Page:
First, the obvious: They’re both from Iowa and for both Chicago has been a second home. But they also share something else: They both have broken out of the folk singer/songwriter box that so many would like to keep them in. Werner, who considered a career in opera before making the leap to folk, has recorded albums featuring jazz, blues, gospel, pop and country influences.
Werner says what she’s done is sort of like serial monogamy for a creative person:
“And that means falling in love with a new style every two years or three years, whether that be the songs of Cole Porter and George Gershwin, or my most recent project ‘Hayseed,’ all songs about farms. To find new things, new subject matter, new styles of music to fall in love with, and really have a romance with, and then move on to the next one, so that there’s a fresh source always.”
Bonnie Koloc has been dubbed the “Queen of Folk” and, in the 1970s, she -- along with John Prine and Steve Goodman -- helped define the sound of folk music in Chicago. But if Werner has strayed from folk at times, Koloc has gone even farther afield, pursuing careers in acting and and art. But, Koloc says, she never left music behind.
"I started out a drama major in college, and then I switched to an art major, and then I started making a living at singing. And so I always did a little bit, but they were never separate for me. I just kept singing, but I had a studio and I worked in my artwork too. They all go together, and you're just using different mediums to express yourself."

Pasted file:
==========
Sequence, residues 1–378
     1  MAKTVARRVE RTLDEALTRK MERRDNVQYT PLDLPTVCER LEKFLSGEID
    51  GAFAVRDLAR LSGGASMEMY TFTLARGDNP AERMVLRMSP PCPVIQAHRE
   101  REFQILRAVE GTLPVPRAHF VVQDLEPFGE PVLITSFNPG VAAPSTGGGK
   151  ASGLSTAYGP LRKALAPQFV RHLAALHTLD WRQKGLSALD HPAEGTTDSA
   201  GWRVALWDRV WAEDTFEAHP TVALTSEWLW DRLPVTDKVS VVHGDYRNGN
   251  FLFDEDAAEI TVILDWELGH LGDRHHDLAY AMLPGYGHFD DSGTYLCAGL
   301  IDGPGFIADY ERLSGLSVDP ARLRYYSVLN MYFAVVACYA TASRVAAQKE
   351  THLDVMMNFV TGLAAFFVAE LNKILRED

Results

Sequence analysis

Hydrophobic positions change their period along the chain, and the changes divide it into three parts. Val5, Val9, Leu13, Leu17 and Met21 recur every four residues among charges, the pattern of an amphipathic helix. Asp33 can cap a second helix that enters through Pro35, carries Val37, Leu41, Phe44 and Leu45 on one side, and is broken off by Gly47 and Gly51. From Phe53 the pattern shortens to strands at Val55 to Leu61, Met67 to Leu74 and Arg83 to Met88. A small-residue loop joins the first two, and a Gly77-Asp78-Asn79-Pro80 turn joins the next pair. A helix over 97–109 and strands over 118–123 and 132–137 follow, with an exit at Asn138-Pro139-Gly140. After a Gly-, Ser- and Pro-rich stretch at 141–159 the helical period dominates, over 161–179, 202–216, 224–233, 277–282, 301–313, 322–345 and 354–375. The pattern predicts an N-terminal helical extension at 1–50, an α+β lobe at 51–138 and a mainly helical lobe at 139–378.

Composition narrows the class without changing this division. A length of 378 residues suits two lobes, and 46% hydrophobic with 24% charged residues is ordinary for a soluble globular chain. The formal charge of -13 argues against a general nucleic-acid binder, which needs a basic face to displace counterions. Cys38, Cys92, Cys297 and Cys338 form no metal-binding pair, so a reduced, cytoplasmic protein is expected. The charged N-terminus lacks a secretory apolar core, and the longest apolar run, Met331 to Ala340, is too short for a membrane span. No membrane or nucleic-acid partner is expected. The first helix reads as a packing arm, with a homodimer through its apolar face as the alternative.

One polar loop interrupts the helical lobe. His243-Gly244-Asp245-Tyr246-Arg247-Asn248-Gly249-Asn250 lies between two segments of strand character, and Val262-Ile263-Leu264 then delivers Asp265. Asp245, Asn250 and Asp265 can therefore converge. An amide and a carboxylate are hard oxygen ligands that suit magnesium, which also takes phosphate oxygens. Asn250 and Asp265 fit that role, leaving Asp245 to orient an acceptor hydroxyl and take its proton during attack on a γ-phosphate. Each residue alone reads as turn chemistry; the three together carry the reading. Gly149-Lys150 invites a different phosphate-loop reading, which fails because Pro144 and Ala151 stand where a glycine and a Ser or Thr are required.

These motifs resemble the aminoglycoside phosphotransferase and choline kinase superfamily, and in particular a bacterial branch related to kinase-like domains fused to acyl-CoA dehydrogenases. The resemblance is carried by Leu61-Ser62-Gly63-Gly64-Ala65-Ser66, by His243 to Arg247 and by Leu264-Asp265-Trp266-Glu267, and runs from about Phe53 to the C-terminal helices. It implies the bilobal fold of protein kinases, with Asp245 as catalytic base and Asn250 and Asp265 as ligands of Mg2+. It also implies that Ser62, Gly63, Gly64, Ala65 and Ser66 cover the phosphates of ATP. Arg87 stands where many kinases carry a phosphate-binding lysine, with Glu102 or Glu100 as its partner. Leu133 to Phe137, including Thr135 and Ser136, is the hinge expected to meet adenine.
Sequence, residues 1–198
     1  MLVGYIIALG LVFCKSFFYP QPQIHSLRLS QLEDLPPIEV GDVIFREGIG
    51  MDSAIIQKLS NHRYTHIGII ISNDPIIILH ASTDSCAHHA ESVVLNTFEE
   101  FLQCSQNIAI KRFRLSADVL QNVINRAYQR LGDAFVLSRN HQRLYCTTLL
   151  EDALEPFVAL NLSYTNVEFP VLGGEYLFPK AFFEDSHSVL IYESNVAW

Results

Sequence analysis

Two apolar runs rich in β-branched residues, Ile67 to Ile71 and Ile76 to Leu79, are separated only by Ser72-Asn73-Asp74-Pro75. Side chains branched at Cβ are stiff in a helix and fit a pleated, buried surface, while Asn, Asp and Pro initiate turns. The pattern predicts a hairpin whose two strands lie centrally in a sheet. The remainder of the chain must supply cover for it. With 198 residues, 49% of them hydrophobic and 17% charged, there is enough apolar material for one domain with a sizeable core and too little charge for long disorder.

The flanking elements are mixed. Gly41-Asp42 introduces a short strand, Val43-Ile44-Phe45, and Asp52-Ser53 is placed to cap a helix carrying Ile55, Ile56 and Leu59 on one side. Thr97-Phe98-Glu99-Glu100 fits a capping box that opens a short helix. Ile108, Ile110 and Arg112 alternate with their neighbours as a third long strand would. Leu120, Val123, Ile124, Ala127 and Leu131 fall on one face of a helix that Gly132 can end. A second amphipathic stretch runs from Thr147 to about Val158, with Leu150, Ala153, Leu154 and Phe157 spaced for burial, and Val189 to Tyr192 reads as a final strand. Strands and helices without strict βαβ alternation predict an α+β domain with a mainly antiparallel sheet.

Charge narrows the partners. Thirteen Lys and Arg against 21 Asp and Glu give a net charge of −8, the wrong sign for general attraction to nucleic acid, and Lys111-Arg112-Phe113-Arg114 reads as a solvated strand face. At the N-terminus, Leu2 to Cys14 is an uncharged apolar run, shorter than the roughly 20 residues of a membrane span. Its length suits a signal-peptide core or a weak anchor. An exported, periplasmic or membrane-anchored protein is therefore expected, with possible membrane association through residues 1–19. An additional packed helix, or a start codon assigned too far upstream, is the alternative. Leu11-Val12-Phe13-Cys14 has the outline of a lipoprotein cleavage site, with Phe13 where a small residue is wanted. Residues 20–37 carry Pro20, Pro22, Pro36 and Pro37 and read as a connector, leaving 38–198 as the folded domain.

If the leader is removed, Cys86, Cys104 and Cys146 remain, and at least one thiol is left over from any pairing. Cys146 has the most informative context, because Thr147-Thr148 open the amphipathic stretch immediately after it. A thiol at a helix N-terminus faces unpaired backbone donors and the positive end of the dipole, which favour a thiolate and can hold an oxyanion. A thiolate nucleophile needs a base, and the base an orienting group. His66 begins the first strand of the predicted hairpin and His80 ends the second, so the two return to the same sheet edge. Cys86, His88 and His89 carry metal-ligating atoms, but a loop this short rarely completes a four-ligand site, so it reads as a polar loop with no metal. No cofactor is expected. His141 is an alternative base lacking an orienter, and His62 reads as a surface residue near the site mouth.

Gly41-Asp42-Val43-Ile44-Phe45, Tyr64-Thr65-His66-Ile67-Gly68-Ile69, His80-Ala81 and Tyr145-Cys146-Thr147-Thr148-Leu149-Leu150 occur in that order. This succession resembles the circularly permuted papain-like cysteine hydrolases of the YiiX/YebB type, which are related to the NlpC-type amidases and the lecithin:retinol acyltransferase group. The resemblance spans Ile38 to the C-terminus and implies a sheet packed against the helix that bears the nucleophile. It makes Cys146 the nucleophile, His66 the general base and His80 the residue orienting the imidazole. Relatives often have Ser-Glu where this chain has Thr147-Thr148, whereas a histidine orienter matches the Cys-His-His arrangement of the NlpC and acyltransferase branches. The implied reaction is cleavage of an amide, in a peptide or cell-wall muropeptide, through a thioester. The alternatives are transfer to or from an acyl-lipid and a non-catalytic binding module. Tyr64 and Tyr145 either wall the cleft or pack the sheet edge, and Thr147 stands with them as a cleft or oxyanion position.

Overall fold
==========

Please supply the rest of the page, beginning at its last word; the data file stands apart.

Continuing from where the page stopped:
Werner says she’s thrilled to be sharing the stage with Koloc. Werner says she has one of Koloc’s records on vinyl for many years, and learned all the songs by heart.
“I listened to them until I wore the grooves out. So Bonnie has been on my radar for a long time. I’m having kind of a gush moment, but I’m a big fan.”
For her part, Koloc says she has nothing but admiration for Werner, adding that she looks forward to more opportunities to work with her. Koloc says another bond between them is that, as women in the music business, they’ve had to put up with a lot people -- let’s say it, men -- trying to tell them what do with their music and their career. Koloc says she’s in a good place now but, no matter what, there’s always the music.
"Singing is my first joy. When I sing, I know why I was born. I mean, I can't tell you, making music is just a gift. It's a wonderful thing."
Susan Werner says much the same. It’s just one more thing the two artists have in common.